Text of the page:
The Tar Heels players were asked about facing St. Peter’s in the round of 8, but a team spokesman said the players didn’t see the end of the game and would address the matchup on Saturday.

“They’re here for a reason, because they’re an incredible team, but they’re also incredibly tied together,” Hubert Davis said. “Tremendous chemistry. On Sunday it’ll be our toughest game of the year.”

— Adam Zagoria

CHICAGO — Kansas’ veteran lineup pushed into the round of 8 on Friday with a 66-61 win over Providence in a Midwest regional semifinal, becoming the only top seed to advance in a week when upsets have been the norm.

The Jayhawks controlled the matchup early on, blocking six Providence shots in the first 12 minutes and dominating the first-half rebounding game. But Providence, making its first Sweet 16 appearance in a quarter-century, punched back and kept the game within reach.

After trailing by as many as 13, Noah Horchler sunk two 3-pointers in quick succession to pull the Friars to within a point in the second half. Minutes later, he drove to the basket to give Providence a fleeting taste of the lead.

But it proved insufficient against an experienced Kansas team that was effective, even if sometimes inelegant.

Toward the end of the first half, Jalen Wilson, a Jayhawk forward, missed two layups, but got his own rebound each time and was able to coerce the ball through the hoop. Ochai Agbaji, a national player of the year finalist, made just 2 of 8 field goals. But with Kansas looking strained, and the Friars becoming more aggressive, Agbaji re-emerged late in the second half when Christian Braun served up an alley-oop from behind the 3-point line. Agbaji slammed it home, enlivening the Jayhawk fans at Chicago’s United Center who had been quiet for much of the night.

Kansas, whose youngest starter is a redshirt sophomore, was also able to lean on Remy Martin, a super-senior and Arizona State transfer, who led the Jayhawks in scoring with 23 points. Braun, a junior, and Wilson, a redshirt sophomore, both reached double digits in rebounds.

The Jayhawks will enter Sunday as a heavy favorite against 10th-seeded Miami, which beat 11th-seeded Iowa State on Friday.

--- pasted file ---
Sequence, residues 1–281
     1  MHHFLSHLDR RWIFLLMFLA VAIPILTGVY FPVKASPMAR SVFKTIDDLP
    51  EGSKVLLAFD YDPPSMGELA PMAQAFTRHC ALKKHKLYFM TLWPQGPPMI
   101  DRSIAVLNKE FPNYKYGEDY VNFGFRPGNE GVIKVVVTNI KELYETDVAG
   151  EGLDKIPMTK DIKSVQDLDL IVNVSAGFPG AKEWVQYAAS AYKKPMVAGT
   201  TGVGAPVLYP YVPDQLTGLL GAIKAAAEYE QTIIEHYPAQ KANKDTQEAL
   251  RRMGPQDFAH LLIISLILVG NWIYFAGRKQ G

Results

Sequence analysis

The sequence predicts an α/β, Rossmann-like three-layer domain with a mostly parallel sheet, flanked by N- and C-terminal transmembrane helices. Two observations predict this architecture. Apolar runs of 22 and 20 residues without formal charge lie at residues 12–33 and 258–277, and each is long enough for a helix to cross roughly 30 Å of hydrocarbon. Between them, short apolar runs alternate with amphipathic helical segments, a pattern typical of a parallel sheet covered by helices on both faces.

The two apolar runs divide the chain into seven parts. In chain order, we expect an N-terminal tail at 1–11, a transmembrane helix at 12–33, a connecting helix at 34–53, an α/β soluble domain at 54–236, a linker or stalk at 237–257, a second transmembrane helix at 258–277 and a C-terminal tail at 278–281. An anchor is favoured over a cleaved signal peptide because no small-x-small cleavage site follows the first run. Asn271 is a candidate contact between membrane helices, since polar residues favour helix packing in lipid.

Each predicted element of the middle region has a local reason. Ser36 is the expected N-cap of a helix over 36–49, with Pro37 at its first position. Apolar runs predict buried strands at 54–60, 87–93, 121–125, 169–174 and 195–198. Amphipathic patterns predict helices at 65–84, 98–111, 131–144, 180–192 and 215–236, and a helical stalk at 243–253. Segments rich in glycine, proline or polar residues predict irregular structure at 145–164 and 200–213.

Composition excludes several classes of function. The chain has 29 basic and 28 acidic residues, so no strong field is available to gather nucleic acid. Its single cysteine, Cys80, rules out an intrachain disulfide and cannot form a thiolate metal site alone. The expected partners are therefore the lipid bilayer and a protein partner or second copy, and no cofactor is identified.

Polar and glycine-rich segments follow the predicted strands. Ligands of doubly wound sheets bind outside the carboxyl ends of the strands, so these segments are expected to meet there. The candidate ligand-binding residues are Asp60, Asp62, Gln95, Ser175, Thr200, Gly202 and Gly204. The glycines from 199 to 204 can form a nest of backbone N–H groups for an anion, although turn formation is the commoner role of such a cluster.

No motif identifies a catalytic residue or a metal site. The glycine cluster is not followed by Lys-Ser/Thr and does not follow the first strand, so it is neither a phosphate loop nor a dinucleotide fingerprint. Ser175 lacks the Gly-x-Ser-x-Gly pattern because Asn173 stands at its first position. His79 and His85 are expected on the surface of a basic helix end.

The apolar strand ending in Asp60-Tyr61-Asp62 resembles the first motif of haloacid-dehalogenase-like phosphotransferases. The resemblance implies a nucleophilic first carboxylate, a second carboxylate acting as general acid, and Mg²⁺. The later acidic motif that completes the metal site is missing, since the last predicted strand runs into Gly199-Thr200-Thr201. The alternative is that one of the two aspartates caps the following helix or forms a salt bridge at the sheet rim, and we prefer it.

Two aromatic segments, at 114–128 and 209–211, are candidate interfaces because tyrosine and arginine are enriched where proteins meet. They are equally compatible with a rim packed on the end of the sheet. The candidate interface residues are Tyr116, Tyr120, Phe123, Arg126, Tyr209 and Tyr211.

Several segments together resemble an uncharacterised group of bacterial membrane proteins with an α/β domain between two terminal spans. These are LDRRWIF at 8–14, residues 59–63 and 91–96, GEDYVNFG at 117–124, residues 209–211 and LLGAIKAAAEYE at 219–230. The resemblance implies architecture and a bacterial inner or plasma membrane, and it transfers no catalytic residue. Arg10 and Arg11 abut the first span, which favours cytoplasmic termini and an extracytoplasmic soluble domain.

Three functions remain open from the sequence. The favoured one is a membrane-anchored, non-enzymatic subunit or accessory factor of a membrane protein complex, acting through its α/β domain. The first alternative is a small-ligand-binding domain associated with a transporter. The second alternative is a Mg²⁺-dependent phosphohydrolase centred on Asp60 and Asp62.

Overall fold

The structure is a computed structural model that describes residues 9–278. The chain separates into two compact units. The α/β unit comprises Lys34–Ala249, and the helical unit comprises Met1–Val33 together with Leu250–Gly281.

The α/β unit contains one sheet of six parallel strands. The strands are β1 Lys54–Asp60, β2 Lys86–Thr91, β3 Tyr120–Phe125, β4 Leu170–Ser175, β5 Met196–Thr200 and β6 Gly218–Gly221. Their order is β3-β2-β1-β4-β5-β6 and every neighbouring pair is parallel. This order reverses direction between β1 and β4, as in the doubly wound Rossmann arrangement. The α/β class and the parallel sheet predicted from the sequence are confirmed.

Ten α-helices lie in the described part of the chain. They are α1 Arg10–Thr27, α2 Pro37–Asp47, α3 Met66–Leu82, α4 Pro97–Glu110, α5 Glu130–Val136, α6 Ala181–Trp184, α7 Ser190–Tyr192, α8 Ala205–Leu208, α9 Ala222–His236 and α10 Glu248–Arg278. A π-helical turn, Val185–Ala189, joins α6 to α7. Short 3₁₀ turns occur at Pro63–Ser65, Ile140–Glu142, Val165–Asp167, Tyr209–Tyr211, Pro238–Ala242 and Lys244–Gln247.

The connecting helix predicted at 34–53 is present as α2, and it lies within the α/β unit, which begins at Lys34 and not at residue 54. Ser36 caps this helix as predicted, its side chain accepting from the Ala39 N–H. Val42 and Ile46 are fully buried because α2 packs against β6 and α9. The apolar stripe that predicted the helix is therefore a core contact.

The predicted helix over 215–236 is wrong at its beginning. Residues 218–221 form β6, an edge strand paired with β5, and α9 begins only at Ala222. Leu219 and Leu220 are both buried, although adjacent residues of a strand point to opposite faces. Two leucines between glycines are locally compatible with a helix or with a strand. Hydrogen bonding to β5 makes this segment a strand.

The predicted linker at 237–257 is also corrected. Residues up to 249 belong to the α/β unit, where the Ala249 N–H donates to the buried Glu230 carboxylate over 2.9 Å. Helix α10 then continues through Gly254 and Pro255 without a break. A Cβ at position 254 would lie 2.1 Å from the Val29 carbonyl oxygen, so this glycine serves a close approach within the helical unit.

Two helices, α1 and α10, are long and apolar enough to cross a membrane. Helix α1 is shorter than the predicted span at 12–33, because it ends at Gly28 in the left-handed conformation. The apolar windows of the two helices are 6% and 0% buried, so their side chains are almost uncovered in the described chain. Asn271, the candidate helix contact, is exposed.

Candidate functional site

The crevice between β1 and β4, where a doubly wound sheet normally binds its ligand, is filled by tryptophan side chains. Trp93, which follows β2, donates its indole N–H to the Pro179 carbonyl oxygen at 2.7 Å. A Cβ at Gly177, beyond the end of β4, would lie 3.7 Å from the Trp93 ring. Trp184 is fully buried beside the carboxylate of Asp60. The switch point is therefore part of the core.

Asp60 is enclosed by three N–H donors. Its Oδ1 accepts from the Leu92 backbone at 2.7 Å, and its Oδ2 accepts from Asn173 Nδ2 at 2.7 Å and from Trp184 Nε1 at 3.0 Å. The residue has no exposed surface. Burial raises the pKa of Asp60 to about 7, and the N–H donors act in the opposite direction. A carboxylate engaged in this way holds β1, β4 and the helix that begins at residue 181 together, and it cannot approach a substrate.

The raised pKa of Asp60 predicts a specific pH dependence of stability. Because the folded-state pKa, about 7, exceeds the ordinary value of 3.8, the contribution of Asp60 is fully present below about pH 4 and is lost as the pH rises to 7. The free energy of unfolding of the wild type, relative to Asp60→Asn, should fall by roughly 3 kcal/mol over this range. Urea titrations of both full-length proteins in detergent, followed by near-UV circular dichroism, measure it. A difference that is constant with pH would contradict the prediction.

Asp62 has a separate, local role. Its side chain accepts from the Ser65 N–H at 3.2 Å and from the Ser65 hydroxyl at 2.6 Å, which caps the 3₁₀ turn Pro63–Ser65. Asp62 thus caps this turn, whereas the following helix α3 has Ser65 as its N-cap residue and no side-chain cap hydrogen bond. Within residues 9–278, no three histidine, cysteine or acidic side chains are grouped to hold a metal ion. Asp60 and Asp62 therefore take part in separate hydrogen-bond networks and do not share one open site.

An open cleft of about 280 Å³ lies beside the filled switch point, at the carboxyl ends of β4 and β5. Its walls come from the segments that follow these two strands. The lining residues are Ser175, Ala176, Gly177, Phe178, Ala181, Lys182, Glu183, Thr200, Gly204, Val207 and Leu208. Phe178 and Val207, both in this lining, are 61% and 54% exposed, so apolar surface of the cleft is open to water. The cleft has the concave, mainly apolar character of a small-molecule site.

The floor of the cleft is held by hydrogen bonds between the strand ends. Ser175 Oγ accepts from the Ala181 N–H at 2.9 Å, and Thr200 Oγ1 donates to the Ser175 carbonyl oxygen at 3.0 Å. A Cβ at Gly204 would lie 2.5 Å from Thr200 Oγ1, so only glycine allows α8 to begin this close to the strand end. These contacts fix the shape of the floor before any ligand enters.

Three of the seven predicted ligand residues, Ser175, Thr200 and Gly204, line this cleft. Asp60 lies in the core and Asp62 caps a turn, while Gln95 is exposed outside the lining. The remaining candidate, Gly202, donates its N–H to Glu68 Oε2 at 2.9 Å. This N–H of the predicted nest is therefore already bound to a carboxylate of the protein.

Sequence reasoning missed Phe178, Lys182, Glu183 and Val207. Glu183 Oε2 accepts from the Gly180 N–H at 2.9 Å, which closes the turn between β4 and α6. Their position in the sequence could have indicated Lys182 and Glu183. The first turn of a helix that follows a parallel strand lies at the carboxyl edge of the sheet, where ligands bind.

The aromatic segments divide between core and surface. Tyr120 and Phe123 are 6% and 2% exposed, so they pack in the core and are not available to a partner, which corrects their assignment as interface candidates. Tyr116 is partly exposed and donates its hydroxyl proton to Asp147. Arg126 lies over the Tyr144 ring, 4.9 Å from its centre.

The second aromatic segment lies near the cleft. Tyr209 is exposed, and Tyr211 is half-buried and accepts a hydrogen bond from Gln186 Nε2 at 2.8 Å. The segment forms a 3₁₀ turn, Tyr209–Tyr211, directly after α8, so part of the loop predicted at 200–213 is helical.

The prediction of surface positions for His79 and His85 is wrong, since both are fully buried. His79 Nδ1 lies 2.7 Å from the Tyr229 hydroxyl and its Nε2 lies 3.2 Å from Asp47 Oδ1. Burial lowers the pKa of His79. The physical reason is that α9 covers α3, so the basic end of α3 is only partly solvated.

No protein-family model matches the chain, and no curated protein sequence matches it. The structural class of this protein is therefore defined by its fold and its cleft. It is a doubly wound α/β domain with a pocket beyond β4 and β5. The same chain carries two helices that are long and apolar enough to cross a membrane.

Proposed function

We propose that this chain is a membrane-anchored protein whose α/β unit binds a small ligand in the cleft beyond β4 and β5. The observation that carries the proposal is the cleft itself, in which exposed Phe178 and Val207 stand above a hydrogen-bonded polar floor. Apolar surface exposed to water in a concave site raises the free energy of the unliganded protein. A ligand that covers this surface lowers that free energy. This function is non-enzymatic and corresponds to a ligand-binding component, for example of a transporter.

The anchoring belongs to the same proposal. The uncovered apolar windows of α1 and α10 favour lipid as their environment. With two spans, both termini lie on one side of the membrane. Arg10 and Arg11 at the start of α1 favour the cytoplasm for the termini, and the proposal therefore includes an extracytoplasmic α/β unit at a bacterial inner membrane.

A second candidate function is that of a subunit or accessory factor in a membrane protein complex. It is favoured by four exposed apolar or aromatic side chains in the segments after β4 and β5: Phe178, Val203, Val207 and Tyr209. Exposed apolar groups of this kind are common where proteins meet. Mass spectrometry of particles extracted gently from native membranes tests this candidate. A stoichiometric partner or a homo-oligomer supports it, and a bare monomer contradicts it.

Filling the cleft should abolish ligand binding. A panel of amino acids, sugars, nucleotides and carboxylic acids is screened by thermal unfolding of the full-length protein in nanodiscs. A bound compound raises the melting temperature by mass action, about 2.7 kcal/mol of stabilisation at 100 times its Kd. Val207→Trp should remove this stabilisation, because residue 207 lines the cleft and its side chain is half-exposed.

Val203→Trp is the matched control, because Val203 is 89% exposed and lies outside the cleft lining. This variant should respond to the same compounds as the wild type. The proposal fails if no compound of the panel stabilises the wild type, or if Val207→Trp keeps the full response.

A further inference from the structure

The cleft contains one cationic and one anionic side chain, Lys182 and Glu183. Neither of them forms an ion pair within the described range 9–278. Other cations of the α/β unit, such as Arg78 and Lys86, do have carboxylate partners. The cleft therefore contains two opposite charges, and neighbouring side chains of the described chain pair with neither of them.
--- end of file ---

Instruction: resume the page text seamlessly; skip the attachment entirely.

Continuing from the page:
But the Jayhawks’ performance on Friday, which followed a closer-than-hoped-for win against Creighton in the round of 32, did little to assuage concerns about their durability late in the tournament. Kansas is advancing to the round of 8 for the eighth time during Coach Bill Self’s tenure in Lawrence. Only one of those trips has ended with a national title.

— Mitch Smith

Miami pulled away from Iowa State to win 70-56 in an unlikely matchup of double-digit seeds on Friday night in the round of 16. The Hurricanes advanced to the Midwest regional final, where top-seeded Kansas awaits them.

Early on, the Hurricanes and Cyclones appeared to be mirror images of each other, trading scoring runs in a fast-paced, physical game that was so frenetic that it sometimes bordered on sloppy. Miami scored the first 7 points of the game, Iowa State answered with 8 of its own, and neither team led by more than 7 during the first half.

But Miami began to pull away after halftime as Kameron McGusty and Jordan Miller helped lead a scoring attack. McGusty, a sixth-year senior who started his career at Oklahoma, accounted for 27 points. Miller, a fourth-year junior who played previously for George Mason, added 16.

The Cyclones struggled all night with turnovers, handing the ball away 18 times. With Iowa State straining to keep the game within reach midway through the second half, Sam Waardenburg, a Miami forward, picked off a sluggish pass near midcourt and stormed to the basket for a slam dunk, extending the lead to nine.

That either Iowa State or Miami had made it to Chicago for a regional semifinal was improbable. The Cyclones stunned third-seeded Wisconsin last weekend to earn their trip, while Miami rolled to an 18-point win over Auburn, a No. 2 seed. Miami’s game against Kansas is its first appearance in the round of 8.

Despite their relatively low rankings — Iowa State was seeded 11th in the Midwest, and Miami 10th — both teams showed Friday why they had survived in March. Hailing from power conferences, they each seemed unfazed by the national stage, having faced off against highly ranked teams all season. And they each fielded physical, veteran lineups built largely through the transfer market.

Iowa State, which won just two games last season, started four seniors and one junior, including four players who had attended other Division I schools. Miami started two seniors and two juniors, three of whom had transferred in.

As much as Friday’s game showed Miami’s strengths, it also revealed flaws that will have to be corrected quickly if it hopes to upset Kansas, the only No. 1 seed remaining in the tournament. Iowa State outrebounded the Hurricanes and Miami shot just 64 percent from the free throw line.